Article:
Last Friday, I spent the day listening to speakers from various countries about strategies to access the international markets. French specialists, such as Yves Benard, President of the INAO (Institute of the Controlled Appellations) or James de Roany, managing director of Chateau Beaulieu in Provence, the Italian Lorenzo Zonin, owner of the Zonin winery, the Spanish Juan-Maria Torres, CEO and co-owner of Torres winery, Adrian Keogh, Marketing Director for Europe of Pernod-Ricard and, last but not least the Australian Anthony Spawton shared their views on the subject.
Anthony Spawton is a wine marketing expert internationally recognized for his pioneer work in this field. He spoke about “Wine brand strategies: the new world experience” and was introduced by Peter Hayes, OIV Chairman. There is no difference between brands and regions, claims Anthony Spawton: brands and regions are the same. Why is that? A brand is “the encapsulation of the IP of a winery/region” and is also “the vehicle that will ensure its future earnings”.
To show his point, Tony drew an interesting table of the “salient features of Brand Relevance”:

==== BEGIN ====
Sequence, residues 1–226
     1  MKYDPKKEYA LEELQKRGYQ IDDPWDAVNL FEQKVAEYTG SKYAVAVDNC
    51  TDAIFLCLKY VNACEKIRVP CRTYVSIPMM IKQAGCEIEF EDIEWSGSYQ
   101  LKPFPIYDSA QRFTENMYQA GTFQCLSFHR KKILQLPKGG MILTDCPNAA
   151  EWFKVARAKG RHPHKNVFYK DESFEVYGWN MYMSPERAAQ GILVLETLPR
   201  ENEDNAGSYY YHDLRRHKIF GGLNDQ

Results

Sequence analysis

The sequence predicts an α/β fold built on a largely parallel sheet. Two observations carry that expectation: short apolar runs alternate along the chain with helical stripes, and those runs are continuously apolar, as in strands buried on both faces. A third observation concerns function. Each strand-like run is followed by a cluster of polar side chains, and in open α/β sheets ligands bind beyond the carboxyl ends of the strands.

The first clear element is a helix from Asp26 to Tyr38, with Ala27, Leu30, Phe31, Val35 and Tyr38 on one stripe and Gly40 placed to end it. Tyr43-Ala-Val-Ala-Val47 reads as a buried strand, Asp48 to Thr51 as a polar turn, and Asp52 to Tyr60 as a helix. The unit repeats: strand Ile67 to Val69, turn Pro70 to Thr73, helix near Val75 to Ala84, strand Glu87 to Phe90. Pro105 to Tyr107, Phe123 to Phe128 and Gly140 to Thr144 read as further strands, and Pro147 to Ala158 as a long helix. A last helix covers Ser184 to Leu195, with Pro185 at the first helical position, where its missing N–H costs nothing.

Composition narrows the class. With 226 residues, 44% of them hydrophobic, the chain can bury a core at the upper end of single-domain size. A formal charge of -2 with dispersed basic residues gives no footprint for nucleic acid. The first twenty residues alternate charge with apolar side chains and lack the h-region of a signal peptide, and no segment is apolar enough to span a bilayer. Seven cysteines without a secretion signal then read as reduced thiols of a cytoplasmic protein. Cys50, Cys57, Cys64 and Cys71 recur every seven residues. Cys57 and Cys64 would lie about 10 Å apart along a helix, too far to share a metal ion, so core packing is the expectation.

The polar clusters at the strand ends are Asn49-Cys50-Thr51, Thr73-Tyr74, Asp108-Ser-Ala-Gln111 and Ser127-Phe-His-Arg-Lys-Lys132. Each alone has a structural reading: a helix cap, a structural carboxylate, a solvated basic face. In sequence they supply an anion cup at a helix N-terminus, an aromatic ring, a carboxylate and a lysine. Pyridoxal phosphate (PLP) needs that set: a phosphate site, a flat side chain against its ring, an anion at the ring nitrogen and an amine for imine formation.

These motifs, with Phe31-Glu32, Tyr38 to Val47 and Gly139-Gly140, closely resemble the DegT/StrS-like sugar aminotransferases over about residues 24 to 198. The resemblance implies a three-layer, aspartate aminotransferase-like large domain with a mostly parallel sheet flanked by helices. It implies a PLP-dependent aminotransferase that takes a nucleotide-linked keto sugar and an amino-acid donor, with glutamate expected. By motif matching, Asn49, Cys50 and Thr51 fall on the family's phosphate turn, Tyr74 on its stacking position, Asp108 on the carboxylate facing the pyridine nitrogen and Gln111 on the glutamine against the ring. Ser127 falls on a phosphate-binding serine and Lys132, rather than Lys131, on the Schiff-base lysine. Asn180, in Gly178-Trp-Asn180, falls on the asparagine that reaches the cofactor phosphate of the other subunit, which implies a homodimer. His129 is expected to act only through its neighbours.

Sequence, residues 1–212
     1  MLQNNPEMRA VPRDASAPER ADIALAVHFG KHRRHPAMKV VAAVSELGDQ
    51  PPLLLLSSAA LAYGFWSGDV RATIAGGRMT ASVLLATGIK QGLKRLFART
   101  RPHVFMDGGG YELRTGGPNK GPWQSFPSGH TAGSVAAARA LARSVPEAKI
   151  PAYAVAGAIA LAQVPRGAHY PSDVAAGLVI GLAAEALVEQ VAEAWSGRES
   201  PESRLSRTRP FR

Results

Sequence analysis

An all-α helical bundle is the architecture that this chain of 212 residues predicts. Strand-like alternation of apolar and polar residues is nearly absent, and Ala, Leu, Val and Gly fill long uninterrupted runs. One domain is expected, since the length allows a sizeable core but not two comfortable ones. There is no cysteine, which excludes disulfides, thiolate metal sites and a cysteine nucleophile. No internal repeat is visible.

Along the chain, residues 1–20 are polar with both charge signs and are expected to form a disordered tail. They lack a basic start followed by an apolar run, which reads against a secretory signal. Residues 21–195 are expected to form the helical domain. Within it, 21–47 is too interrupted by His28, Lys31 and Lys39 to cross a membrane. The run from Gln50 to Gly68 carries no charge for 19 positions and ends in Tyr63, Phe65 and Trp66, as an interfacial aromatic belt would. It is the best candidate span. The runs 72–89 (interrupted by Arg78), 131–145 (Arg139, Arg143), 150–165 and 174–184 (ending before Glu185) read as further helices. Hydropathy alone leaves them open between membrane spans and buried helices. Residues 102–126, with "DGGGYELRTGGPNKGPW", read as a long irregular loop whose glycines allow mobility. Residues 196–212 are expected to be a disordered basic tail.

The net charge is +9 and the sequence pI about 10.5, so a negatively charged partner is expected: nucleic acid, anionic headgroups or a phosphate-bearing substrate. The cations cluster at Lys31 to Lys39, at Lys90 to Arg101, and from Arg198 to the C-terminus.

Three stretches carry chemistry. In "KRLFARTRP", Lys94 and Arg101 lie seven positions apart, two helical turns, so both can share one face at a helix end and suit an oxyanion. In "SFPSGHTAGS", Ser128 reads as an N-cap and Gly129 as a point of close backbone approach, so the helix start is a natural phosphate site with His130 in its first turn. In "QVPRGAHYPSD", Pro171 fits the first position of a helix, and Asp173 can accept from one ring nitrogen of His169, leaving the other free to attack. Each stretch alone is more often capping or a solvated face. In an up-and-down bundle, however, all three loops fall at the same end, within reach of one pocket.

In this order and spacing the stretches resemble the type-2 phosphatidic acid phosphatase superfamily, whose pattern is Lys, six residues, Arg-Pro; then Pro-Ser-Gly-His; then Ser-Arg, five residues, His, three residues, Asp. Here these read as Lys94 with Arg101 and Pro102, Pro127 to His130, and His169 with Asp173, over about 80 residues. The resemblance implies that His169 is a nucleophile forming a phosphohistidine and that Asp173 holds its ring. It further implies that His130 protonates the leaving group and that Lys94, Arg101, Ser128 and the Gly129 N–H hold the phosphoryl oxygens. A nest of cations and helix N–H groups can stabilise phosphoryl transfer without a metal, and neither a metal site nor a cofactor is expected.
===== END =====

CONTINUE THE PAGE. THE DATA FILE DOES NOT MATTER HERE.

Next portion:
Purchase Intent Criteria – Weekday Wines – Lifestyle – Luxury
Info search – Safe Brand /Grape – Position (niche) brand – Exclusive brand
Decision point – Price Point – Depends on occasion – Scarce, unique
Post purchase evaluation – Taste, consistency – Socially accepted – Complexity
This table shows that branding and marketing should be concerned with creatinf pleasurable consumer experiences (Schmitt, 1999). Which means you want to bring te consumer to the wine and not bring the wine to the consumer. To do so, the distribution chain is part of the supply chain: the wine is made available for sale and purchase by the consumer. The brand champions achieve a mainstream availability and accessibility.
Who are the regional heroes? It is the wines from somewhere and not from anywhere.
The best illustration of this principle during the conference was the new brand launched by James de Roany, Rosé de Provence. Rosé is the pink dry wine from Provence, the region where 80% of the wines produced are pink. As explained in Wine Brands, the idea was to brand a new category, Rosé (dry pink wine vs. sweet blush wines) and a region, Provence, its birth place and “terroir”. James’ idea was to capitalize on a “terroir” to raise the value of its consumers’ territory – to reach the young people and the women, sophisticated consumers of a brand with an history. The region carries the history while the category expresses the trend.
Conclusion: brand vs. region? No, the region is the brand.